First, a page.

“ShotSpotter is a perfect example of the patronizing approach to public safety in Black and brown neighborhoods—this idea that we know what’s best for Black and brown community members,” Khalid Alexander, president of Pillars of the Community, told Motherboard. Pillars is an organization that opposes the over-policing of Black and brown residents, and is based in San Diego’s District 4—the only area of the city where ShotSpotter is located.
“I haven’t heard one person in District 4 … come out and say that the ShotSpotter technology is something needed to keep us safe,” Alexander said.
Unsurprisingly, ShotSpotter says the opposite:
In a statement emailed to Motherboard, ShotSpotter claimed that local communities have told them the opposite, and that it would be “false and misleading” to describe the activists as representing the larger population. “As the communities who suffer most from gun violence, they recognize and appreciate ShotSpotter’s role helping police departments combat gun violence,” the company wrote.
While there’s certainly some confirmation bias in play here, it’s safe to say it’s more than just a land of contrasts out there. But the only party that really has any money at stake is ShotSpotter, and self-preservation is a far stronger motivator than simply feeling underserved by law enforcement agencies that have decided to outsource serving and protecting to passive sensors and artificial intelligence. Taxpayer frustration may touch on fiscal issues, but since it’s an aggregate fund, unhappy citizens tend to be less motivated by their bottom lines than companies with multi-million dollar contracts on the line.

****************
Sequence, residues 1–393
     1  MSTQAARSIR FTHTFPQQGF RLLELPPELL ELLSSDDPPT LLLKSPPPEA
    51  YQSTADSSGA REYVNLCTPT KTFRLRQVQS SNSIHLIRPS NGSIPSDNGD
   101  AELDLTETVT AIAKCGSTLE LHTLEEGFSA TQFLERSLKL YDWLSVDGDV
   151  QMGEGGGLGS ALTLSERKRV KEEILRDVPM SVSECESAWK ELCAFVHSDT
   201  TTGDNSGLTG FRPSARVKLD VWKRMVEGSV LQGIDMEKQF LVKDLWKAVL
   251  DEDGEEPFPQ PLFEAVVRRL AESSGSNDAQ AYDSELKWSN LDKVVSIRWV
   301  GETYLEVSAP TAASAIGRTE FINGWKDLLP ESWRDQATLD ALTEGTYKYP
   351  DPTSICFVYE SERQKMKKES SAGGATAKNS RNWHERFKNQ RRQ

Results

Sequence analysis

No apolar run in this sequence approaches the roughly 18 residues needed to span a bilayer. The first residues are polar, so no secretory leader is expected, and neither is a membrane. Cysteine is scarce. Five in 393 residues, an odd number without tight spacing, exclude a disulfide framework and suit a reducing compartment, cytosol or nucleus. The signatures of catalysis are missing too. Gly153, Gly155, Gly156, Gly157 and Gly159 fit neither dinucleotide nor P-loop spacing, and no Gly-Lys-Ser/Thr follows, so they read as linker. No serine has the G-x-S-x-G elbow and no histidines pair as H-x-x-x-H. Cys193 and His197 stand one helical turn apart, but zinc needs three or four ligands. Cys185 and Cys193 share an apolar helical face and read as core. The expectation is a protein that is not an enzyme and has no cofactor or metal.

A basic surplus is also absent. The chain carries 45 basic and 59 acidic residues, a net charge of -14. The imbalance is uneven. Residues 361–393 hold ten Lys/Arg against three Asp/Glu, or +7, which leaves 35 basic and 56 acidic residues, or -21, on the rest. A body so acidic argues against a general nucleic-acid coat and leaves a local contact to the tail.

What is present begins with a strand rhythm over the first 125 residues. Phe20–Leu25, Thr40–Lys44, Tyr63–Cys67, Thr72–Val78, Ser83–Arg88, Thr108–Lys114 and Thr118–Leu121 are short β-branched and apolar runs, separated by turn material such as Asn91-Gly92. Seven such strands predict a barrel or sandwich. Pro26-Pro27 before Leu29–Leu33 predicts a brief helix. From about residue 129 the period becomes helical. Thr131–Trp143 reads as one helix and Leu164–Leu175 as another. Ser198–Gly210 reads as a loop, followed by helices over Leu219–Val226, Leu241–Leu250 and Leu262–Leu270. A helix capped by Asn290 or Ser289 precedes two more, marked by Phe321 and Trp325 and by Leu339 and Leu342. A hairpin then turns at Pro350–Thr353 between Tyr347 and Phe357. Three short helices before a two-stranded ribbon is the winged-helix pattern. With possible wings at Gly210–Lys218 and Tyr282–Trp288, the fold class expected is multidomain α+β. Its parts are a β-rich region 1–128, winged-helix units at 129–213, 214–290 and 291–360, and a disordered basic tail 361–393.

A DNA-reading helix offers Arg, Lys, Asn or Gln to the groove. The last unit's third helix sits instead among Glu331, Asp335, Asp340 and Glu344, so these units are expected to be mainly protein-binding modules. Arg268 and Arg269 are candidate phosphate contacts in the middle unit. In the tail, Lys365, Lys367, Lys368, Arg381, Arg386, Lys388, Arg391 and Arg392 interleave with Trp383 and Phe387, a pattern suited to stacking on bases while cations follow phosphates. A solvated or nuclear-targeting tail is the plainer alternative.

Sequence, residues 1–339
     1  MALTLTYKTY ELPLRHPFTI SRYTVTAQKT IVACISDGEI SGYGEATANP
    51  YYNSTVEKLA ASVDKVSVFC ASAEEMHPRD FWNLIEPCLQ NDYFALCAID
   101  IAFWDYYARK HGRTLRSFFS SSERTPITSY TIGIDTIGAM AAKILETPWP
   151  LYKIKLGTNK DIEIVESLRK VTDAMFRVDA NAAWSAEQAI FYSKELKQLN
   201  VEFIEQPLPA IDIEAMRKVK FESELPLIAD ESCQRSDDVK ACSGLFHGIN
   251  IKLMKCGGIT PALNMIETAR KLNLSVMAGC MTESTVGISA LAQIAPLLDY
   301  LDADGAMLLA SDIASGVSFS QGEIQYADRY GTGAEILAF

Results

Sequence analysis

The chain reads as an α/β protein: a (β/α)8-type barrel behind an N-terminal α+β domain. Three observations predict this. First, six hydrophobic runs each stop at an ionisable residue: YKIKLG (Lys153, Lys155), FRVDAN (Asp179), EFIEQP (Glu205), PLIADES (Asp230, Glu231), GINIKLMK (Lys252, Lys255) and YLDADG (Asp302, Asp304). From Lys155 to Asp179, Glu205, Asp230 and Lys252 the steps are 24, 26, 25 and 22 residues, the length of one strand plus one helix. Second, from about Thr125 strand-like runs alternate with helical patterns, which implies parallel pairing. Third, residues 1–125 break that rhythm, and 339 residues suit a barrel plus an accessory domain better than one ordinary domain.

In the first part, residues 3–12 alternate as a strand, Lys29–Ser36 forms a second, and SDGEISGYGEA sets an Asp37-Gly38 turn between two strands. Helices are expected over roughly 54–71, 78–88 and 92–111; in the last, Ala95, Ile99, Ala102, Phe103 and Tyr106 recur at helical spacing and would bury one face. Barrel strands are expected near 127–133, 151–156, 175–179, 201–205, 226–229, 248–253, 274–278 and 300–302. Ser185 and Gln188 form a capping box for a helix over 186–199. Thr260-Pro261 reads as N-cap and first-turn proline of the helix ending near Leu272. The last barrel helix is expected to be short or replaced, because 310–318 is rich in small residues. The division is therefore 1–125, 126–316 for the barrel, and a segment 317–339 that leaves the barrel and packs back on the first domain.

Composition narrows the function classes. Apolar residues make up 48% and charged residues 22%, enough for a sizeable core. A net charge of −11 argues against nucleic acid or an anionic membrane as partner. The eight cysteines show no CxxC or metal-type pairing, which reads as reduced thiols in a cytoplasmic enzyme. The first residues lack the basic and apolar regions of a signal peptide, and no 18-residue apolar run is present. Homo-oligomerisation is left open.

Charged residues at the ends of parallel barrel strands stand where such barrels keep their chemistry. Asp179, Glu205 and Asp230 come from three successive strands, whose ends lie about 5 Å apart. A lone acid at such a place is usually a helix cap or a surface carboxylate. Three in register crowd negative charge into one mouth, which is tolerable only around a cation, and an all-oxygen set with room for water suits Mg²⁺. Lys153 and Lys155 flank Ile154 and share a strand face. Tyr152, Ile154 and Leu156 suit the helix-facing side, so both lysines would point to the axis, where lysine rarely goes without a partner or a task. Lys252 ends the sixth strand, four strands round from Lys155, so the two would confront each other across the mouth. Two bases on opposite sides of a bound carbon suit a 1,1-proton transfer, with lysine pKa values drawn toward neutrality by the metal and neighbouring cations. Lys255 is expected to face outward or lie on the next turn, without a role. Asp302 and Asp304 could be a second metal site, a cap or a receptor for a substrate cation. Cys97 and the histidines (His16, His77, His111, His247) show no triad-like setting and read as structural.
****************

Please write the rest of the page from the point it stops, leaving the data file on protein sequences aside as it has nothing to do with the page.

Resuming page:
And maybe $1.15 million/year seems like a drop in the bucket when it comes to police department budgets. Residents are sick of ShotSpotter and its ability to send officers expecting violence flooding into communities with guns akimbo. In Chicago, the contract now in danger of going unrenewed is $33 million, which is a very tangible hit to the bottom line of a company that early last year recorded record quarterly revenue of a little over $10 million.
Why keep paying for something that isn’t doing anything much more than allowing alarmists to claim that violence is on the rise and the only cure is more cop violence? San Diego might not be paying much for its limited rollout of ShotSpotter, but even its small sample set is a complete disappointment.
A San Diego Police Department spokesperson told Voice of San Diego that during the four years ShotSpotter had been in use (as of September 2020) officers had made only two arrests responding to an alert and only one of those was directly linked to the alert.
Meanwhile, 72 of the 584 ShotSpotter alerts during that time period were determined to be unfounded, “a whopping 25 times higher than the 0.5 percent false positive rate put forth by the company,” the Voice of San Diego reported, based on data provided by the city’s police department.
Thirty-six times more false positives than useful investigative leads. $4.60 million (over four years at the going rate) should buy more help than that. It is only two arrests better than having nothing at all, which is so far below rounding error as to be laughable.
Even if the tech improves as time goes on, we still need to ask why we even need it. So far, all it’s done is make ShotSpotter more money and justify biased policing efforts by law enforcement agencies willing to make use of any new development that allows them to keep doing the things they’ve always done. Taxpayers shouldn’t be asked to fund programs that set cops up for failure. And they certainly shouldn’t be expected to pay for the dubious privilege of being subjected to a system more capable of altering criminal evidence than making neighborhoods safer.